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July 7, 1861

Page 1

Affairs in Virginia

From the Richmond (Va.) Dispatch, of June 27, we clip the following:

Fight in Lancaster CountyWe are indebted to Addison Hall, Esq., of Lancaster County, Va., for the following statement:

To the Editors of the Dispatch:

I will give you a hasty but very nearly correct account of an encounter with the enemy at the residence of James W. Gresham, Esq., on yesterday, June 24th.  I am now at the house of Mr. Gresham, and from him and others gather the following facts:  At about the hour of 4 o’clock P. M., the steamer called the Star passed up the Rappahannock river as far as Towle’s Point below Urbanna, and returning immediately, stopped opposite Mr. Gresham’s, and within about six hundred yards of the house.  A large boat armed with two swivels, and a small row boat, containing together about fifty men, put off for the shore, and the men landed.  Some ten or twelve men, armed with muskets and side arms, came up the bank to the house, professing to be in pursuit of ____ which Mr. Gresham informed them they could not get from him.  Whilst in the house, the company of Capt. Isaac Currell, at the time under the command of Adjutant H. S. Hathaway, having had notice, made their appearance and commenced a warm fire upon the men as they rapidly retreated to the barge, wading up to the waist in water, which fire was continued with some ten or fifteen rounds until the barge reached the steamer.

What execution was done is not known, but it is very evident that a number were killed.  As soon as the barge left the shore the steamer commenced a heavy fire of cannon and bombs upon the men and the dwelling house, which fire was kept up for an hour, and the house of Mr. G. struck with 17 balls, weighing from two to 36 lbs., and also by several bombshells.  Eighty shots were counted, and although the shells burst all around the men, not one was killed or wounded.  And, what is more remarkable and Providential, none of Mr. Gresham’s family were touched though all remained in the house most of the time.  Mr. G.’s mother, an old lady of over eighty years of age, was in her bed, and whilst lying there a ball passed over her head through the house within four inches of her head, another passed under her bed, tearing the mattress upon which she lay very much without injuring her.  She was then removed to the kitchen, and soon after a bombshell or ball entered the room and tore up the brick floor within three feet of her, and yet she remained unhurt.  The very large and handsome house of Mr. G. is literally riddled, and some of the furniture destroyed.  I write from his parlor, which is much torn to pieces.  Too much credit cannot be given to the officers and men of Capt. Currell’s company for their cool bravery on the occasion.  The small boat was taken with several guns, swords, etc.                        –ADDISON HALL—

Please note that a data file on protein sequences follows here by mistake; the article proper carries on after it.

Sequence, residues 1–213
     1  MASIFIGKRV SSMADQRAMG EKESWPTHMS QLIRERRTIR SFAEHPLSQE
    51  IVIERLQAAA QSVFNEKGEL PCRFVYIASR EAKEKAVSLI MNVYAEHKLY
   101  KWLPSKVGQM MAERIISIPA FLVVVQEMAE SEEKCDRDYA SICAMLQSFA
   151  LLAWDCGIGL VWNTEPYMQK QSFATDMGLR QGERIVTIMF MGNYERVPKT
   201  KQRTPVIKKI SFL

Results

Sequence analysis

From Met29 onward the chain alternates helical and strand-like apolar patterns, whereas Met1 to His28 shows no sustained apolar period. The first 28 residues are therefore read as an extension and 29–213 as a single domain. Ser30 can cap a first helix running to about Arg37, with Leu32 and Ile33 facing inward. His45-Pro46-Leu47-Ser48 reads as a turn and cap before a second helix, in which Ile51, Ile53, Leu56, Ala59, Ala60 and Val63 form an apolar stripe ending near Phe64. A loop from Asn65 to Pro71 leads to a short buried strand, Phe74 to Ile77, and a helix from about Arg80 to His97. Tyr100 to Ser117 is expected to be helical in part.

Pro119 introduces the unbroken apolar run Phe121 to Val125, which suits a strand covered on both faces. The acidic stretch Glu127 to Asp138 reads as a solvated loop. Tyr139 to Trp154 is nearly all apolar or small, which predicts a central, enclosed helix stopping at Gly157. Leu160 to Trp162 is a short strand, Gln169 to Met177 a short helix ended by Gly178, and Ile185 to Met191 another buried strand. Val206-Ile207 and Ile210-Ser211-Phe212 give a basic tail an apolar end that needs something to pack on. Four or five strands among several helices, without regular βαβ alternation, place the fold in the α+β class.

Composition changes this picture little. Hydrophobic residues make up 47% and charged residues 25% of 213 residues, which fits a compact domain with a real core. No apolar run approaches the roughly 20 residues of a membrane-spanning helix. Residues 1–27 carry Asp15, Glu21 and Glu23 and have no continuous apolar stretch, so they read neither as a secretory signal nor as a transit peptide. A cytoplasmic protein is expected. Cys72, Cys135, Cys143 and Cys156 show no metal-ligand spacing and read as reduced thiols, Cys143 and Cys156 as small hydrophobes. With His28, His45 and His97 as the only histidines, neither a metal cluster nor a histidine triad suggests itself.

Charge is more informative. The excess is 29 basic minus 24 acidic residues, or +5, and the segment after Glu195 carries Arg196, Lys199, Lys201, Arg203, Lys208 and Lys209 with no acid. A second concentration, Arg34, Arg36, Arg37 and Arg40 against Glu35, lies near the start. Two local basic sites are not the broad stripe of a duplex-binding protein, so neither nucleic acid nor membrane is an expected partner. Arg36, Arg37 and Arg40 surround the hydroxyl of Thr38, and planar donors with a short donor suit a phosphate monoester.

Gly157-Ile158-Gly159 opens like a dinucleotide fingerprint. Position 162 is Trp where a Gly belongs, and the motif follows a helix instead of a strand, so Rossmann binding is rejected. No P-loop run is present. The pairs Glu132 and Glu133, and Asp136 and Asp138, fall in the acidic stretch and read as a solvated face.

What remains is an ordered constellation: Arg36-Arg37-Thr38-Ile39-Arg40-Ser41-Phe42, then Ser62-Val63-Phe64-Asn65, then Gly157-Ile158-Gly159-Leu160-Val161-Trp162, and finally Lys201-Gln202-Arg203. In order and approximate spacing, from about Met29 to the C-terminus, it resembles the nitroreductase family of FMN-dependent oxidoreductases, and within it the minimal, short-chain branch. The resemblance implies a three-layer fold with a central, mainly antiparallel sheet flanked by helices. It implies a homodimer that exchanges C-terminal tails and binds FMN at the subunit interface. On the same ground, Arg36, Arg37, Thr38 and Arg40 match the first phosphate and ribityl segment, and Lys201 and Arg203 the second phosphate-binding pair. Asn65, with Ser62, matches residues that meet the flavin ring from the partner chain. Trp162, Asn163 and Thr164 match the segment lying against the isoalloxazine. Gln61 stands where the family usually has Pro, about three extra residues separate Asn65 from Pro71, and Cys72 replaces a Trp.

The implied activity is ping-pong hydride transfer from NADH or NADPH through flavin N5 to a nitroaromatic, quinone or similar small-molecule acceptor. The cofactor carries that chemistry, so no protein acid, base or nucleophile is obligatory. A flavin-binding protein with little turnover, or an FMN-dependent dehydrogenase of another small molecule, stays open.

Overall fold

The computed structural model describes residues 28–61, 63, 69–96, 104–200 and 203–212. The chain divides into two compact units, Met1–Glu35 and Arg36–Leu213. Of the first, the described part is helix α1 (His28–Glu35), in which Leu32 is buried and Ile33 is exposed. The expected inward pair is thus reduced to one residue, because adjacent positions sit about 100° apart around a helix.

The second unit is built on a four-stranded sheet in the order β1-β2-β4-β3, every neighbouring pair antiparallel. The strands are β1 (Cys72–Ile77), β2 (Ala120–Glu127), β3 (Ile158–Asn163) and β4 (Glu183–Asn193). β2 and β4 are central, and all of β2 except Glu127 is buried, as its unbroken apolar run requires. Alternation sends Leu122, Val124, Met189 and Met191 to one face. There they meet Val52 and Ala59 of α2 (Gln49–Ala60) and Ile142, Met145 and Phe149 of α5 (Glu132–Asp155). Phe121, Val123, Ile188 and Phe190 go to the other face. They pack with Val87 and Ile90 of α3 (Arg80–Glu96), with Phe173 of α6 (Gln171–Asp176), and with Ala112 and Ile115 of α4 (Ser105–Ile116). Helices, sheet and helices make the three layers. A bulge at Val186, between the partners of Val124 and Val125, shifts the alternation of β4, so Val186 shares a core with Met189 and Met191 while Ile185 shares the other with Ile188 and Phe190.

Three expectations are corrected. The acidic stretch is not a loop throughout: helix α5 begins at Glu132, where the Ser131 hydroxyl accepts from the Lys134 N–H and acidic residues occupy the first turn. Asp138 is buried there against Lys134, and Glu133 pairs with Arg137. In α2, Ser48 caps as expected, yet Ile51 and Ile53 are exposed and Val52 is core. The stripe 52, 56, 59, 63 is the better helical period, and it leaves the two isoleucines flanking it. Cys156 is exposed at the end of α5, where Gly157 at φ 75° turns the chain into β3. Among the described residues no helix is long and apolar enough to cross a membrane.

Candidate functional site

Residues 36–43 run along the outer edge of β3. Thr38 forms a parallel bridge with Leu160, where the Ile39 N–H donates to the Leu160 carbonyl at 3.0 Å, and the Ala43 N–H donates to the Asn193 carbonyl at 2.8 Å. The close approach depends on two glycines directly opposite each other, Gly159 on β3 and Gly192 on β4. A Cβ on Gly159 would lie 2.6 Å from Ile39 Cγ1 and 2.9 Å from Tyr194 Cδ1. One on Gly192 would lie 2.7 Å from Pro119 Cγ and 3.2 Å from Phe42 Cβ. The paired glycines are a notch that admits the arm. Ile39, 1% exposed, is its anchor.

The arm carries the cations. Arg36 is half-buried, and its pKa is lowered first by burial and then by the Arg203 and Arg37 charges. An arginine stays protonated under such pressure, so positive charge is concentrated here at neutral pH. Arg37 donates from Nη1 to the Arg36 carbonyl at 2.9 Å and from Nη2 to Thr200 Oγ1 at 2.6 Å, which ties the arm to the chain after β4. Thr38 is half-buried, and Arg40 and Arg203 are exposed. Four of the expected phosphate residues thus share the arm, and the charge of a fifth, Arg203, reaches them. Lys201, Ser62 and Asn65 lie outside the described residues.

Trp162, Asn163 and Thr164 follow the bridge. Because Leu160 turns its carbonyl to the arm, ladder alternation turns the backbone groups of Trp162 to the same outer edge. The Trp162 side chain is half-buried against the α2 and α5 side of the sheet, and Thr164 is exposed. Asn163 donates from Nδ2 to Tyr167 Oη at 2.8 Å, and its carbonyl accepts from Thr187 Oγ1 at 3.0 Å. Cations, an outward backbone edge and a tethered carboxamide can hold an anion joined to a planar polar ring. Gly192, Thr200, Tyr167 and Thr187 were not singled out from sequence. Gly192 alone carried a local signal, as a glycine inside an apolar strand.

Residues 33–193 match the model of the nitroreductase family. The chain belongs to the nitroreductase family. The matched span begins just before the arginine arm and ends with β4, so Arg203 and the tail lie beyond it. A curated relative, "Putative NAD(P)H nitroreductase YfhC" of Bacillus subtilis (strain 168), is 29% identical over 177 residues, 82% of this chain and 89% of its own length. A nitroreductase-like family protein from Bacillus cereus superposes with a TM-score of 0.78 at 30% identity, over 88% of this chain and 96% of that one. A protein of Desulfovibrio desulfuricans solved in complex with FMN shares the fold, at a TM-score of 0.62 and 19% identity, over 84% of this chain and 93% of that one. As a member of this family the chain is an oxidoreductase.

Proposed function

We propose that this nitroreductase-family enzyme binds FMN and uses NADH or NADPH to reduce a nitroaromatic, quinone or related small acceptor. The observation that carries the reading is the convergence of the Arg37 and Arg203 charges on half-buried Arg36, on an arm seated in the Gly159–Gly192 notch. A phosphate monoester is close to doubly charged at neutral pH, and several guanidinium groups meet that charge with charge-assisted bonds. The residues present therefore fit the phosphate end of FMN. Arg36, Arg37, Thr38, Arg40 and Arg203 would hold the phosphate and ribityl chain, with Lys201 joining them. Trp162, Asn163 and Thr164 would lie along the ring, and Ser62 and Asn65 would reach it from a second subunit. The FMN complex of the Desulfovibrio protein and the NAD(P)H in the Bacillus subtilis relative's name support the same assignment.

Another Skirmish—The Staunton Spectator of the 25th ult. Says:

We have learned from a reliable gentleman of this place, who returned a few days ago since from our camp at Laurel Hill, this side of Phillippi, that on Tuesday night last, one of our scouting parties, numbering 26, met a scouting party of the enemy, numbering about 50, within less than two miles of our camp at Laurel Hill.  Both parties fired, and both retreated.  None of our men were hurt.  A lady being in that neighborhood wrote to a friend in Huttonsville that the enemy buried eight the next morning.

Our party retreated because they supposed from what they had learned previously that the scouting party of the enemy consisted of about three hundred.

Arrival of Georgia Troops—The Ninth Regiment of Georgia Volunteers, embracing nine companies and nine hundred men, arrived yesterday, and were mustered into the service of the Confederate States on the Capitol Square.  Previous thereto the men were reviewed by Gov. Letcher.  The Regiments composed of very fine material.  Some of the men have extraordinary longitude.  All of them seemed hearty, healthy and strong, and capable of doing their part towards expelling the invaders of Southern soil.  The Regiment is to be joined by another company now on its way here, as was understood by inquiries made of some of the men.  President Davis appoints the Colonel and other staff officers, and the choice being confided to him, no doubt the “Ninth” will go into the field under competent leaders.  It is conceded by Lincoln’s soldiers that those of the Confederate States are more ably led than they are.  The Ninth Georgia Regiment brought a drum corps with it.



[Transcribed by Sharon Strout]


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